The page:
New York flooding: City in state of emergency as Hurricane Ida hits

THE city of New York has declared a state of emergency due to “brutal flooding” after being caught by the tail end of Hurricane Ida.

The National Weather Service (NSW) has also issued its first ever flash flood warning in the city as streets, subway stations and airports were flooded.

At least one person has been killed in New Jersey during the extreme weather, according to the Washington Post.

New York was placed on tornado watch on Wednesday night after the area was hit by the remnants of tropical storm Ida.

Announcing the state of emergency at around 4.30am UK time, mayor Bill de Blasio wrote: “We’re enduring an historic weather event tonight with record breaking rain across the city, brutal flooding and dangerous conditions on our roads.

“Please stay off the streets tonight and let our first responders and emergency services get their work done.

“If you’re thinking of going outside, don’t. Stay off the subways. Stay off the roads. Don’t drive into these heavy waters. Stay inside.”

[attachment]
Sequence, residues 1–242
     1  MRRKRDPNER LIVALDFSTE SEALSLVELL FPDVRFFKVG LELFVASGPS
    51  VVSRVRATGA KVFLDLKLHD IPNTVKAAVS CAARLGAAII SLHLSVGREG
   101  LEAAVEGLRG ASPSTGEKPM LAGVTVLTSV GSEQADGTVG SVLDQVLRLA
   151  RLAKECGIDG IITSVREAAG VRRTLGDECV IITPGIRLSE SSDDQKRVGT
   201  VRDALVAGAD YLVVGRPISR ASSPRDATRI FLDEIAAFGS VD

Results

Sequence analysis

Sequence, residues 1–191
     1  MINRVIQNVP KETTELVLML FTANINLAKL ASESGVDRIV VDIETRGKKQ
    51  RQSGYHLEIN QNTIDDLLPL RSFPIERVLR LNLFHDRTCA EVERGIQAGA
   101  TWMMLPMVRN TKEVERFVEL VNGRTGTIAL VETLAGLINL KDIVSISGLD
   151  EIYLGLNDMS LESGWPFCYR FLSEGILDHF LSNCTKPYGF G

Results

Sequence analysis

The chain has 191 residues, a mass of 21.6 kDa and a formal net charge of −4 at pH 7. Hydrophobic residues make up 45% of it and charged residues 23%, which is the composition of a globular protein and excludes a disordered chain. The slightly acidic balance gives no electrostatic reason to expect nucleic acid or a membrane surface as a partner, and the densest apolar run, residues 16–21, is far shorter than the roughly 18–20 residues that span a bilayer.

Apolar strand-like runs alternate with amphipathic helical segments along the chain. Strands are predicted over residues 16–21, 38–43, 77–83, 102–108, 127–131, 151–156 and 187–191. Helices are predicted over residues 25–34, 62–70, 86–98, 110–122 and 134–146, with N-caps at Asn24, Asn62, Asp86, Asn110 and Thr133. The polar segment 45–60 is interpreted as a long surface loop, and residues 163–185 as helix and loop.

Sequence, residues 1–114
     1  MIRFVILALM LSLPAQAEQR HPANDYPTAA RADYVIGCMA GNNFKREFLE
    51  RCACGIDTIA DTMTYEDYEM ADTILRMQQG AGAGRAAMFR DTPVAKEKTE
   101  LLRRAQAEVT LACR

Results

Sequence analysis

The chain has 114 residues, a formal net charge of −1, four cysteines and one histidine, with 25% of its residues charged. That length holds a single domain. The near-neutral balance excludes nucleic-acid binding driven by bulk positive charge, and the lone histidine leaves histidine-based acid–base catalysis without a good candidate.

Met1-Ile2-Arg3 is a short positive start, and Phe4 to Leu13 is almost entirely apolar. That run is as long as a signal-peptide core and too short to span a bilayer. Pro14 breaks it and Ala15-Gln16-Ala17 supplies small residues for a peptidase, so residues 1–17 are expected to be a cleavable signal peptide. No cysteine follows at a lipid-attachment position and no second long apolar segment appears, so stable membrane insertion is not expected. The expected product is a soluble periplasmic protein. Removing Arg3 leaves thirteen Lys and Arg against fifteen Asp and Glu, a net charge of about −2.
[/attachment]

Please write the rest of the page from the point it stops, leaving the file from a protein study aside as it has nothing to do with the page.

He added: “We’re keeping our eyes on our power grid. We’ve seen about 5,300 customers without power.

“We expect the rain to stop in the next few hours. But until then, again, if you’re not inside, get inside.”

New Jersey and Pennsylvania have also been hit by torrential rain and strong winds, with at least one tornado collapsing the roof of a US Postal Service building and threatening to overrun a dam on the way.

 

Governor Phil Murphy declared a state of emergency in all of New Jersey’s 21 counties, urging people to stay off the flooded roads.

The NWS confirmed that a tornado had struck and issued a flood warning to New York residents.

The service wrote on Twitter that “this particular warning for NYC is the second time we’ve ever issued a Flash Flood Emergency (It’s the first one for NYC)”

It added: “The first time we’ve issued a Flash Flood Emergency was for Northeast New Jersey an hour ago”.

The weather also forced a suspension in play at the US Open when a night match had to be halted – despite it being played under a roof.

Play between Kevin Anderson and Diego Schwartzman inside the Louis Armstrong Stadium was stopped after the torrential rain began blowing in sideways through openings under the roof.

The freak conditions forced the players off the soaking wet court while spectators had to shelter under umbrellas.

The match was initially interrupted for 35 minutes while the surface was dried but after a brief restart – during which 11th seed Schwartzman won the first set on a tie-break – the match was once again suspended.

The Herald Scotland

The Herald Scotland

The Herald is a Scottish broadsheet newspaper founded in 1783. The Herald is the longest running national newspaper in the world and is the eighth oldest daily paper in the world. The title was simplified from The Glasgow Herald in 1992